They work so you can play.
Superintendents and greens keepers at golf courses put long hours into a job that can be thankless at times. They’re generally too humble to point it out, but it is a fact of life: Every time we tee it up, we have them to thank for those lush fairways, smooth greens and even that thick rough.
This summer, the weather has made the tasks of the greens keepers more difficult. Judging by their reactions, it has been the most challenging summer in recent memory.
June will be remembered for sizzling temperatures, with several days in the 100s and almost all in the high 90s. That kept the crews trying to help courses merely survive, keeping greens watered enough to live.
Then, just as the drought seemed to be at its worst, July came and things took a turn for the wetter. Fifteen consecutive days of rain left even the driest parts of any area golf course soaked.
“I’ve told everybody we’ve gone from a desert setting to a swamp,” Bill Henderson, the superintendent at Johnson City Country Club, said earlier this week. “June was so bad and we kept wishing it would rain. Now we’ve had rain every day since July 5. The golf gods are paying us back.”
As difficult as the conditions have been, the challenges are just part of the profession.
“Mother Nature has a lot to do with this job,” says Louie Hopkins of Elizabethton Golf Course. “June was tough just keeping things watered. Now it’s so soaking wet that we can’t mow like we want. It’s been tough.”
Out at Blackthorn Club at the Ridges, a mere .15 inches of rain fell in June. The level of the irrigation pond got so low that the club was forced to buy water from the city.
Now, with 10.5 inches of rain in July — including almost three inches in one night — it’s an entirely different story.
“The pond was actually overflowing,” said Blackthorn superintendent Russell Lutz. “It’s just two totally different maintenance practices. In June, we had to syringe every day and keep the greens cool. In July, we’re trying to dry them out.
“We’re lucky here that we have USGA-spec root zones. They drain really good. Some other courses are really hurting. Our greens don’t even puddle when it rains.”
Blackthorn’s greens are known as some of the fastest in the area. Trying to keep them that way has been a major part of the challenge for Lutz.
“We’re so used to having such fast greens and we really pride ourselves in that,” he said. “But with all this rain, there’s only so much you can do. A lot of the members seem to be very understanding. They can tell just from walking outside in their yard how wet it is.”
Jim Hughes, Johnson City’s director of golf, oversees Pine Oaks and Buffalo Valley. He said the heat and rain has forced more golfers to stay away, leading to a vicious cycle that takes its toll on the bottom line and the grounds crews’ ability to take care of the public courses.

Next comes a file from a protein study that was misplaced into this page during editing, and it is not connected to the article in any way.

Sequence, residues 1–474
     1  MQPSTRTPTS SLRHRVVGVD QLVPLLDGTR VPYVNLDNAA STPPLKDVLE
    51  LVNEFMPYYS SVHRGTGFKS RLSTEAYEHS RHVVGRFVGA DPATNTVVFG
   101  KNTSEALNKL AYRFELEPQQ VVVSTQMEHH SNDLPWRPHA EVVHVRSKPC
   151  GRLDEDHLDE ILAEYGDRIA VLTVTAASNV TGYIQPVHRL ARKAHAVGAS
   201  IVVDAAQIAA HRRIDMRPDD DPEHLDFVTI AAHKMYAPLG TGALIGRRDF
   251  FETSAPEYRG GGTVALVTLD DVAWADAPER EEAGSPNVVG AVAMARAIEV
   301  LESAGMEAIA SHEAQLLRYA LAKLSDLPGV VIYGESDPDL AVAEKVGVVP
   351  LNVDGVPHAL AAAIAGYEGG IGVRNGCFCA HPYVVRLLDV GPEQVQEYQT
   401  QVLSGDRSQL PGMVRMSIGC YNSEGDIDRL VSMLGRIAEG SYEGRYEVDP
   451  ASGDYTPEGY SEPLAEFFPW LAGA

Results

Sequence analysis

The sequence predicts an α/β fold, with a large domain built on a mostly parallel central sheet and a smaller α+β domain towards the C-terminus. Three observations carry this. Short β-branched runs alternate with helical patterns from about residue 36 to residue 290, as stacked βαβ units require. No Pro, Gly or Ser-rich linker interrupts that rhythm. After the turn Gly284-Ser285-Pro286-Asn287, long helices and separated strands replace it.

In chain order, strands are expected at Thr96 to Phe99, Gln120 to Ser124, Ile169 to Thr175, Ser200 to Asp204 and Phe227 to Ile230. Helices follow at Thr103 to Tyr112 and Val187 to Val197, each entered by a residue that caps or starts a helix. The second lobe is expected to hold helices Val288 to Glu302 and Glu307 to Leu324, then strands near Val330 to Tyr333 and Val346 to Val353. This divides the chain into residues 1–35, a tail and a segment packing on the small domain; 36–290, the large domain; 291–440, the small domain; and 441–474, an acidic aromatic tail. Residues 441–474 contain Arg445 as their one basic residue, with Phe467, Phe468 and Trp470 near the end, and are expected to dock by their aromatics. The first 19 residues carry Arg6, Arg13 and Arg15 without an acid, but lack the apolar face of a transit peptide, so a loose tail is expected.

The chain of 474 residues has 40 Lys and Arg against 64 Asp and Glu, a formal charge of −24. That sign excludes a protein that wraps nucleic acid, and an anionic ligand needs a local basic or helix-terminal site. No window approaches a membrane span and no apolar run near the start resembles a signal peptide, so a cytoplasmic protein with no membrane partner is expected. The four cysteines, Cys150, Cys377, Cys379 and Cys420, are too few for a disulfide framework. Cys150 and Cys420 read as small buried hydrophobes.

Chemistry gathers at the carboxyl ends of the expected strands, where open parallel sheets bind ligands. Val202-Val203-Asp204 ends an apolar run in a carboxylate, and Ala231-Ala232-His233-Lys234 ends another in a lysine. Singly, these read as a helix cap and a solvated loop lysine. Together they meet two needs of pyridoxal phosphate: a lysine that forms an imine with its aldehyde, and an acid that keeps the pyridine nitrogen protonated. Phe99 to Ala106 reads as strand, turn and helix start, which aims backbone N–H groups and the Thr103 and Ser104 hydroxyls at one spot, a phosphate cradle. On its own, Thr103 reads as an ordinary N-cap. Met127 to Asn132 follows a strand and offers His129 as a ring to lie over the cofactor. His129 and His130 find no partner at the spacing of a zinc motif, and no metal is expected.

“It’s been a challenging year for a lot of people,” Hughes said. “When it’s too hot, people don’t play. When it’s too wet, people don’t play. That affects our revenue and our ability to maintain the courses.
“Not only are we having this hellacious weather, but the golfers aren’t out. That makes it tougher.”
It’s not the just the temperatures and moisture that have tested the grounds crews, it’s also the effects of the rain. The intensity of some of the storms has left bunkers completely washed out, where all the sand is forced to the bottom of the trap, leaving erosion ruts and unplayable surfaces.
Henderson says Johnson City Country Club’s bunkers washed out 10 times in a 15-day period.
“We spent two days working on them, putting them back,” he said. “And then they washed out again within 12 hours after we did them. It’s pretty frustrating. Not only is it frustrating from the playability standpoint and the work that goes into it, but also the contamination that happens to the bunkers over time. Usually in a season, you might only get half a dozen washouts. We’ve just about doubled that in a couple weeks. It just makes them worse as the season goes on.”
In early June, before the heat really came, Johnson City Country Club was the site of the Tillinghast Invitational, and the course was in perfect condition for the event.
“Leading right up to that, the temperatures, moisture levels, everything was perfect,” Henderson said. “That was like the peak of it. Since then, it’s been anybody’s guess.
“We have a real jewel of a golf course, a Tillinghast golf course, and we take a lot of pride in it.”
Every Fourth of July weekend, Elizabethton puts on the East Tennessee Amateur, which draws the biggest fields of any competitive tournament in the area. Hopkins always has the course in tip-top shape in order to show it off for the visiting guests, and the guests are quick to compliment the layout and its smooth greens.
“It makes me feel good when people come from out of town and give us the compliments,” Hopkins said. “It makes us feel good that people appreciate what we do. We work hard and it’s good to hear when people appreciate it.”
Working hard might be an understatement for Hopkins, who is out at the course seven days a week and routinely puts in more than 60 hours a week.
“I really love my job,” said Hopkins, whose son Travis is an assistant superintendent at Gaylord Springs in Nashville. “I get frustrated that we don’t have a lot to work with, a lot of people to work with. But I love it.”
At Johnson City’s two municipal courses, Pine Oaks and Buffalo Valley, superintendent Tim Fields and director of maintenance Bill Fuller are faced with trying to overcome the difficult conditions.
“Generally speaking, we’re holding our own right now,” Hughes said. “It’s been a real challenge. This is the time of year when you earn your money. This is our fourth quarter with the clock ticking down. We always look toward Labor Day as the time when it will start cooling down a little. ”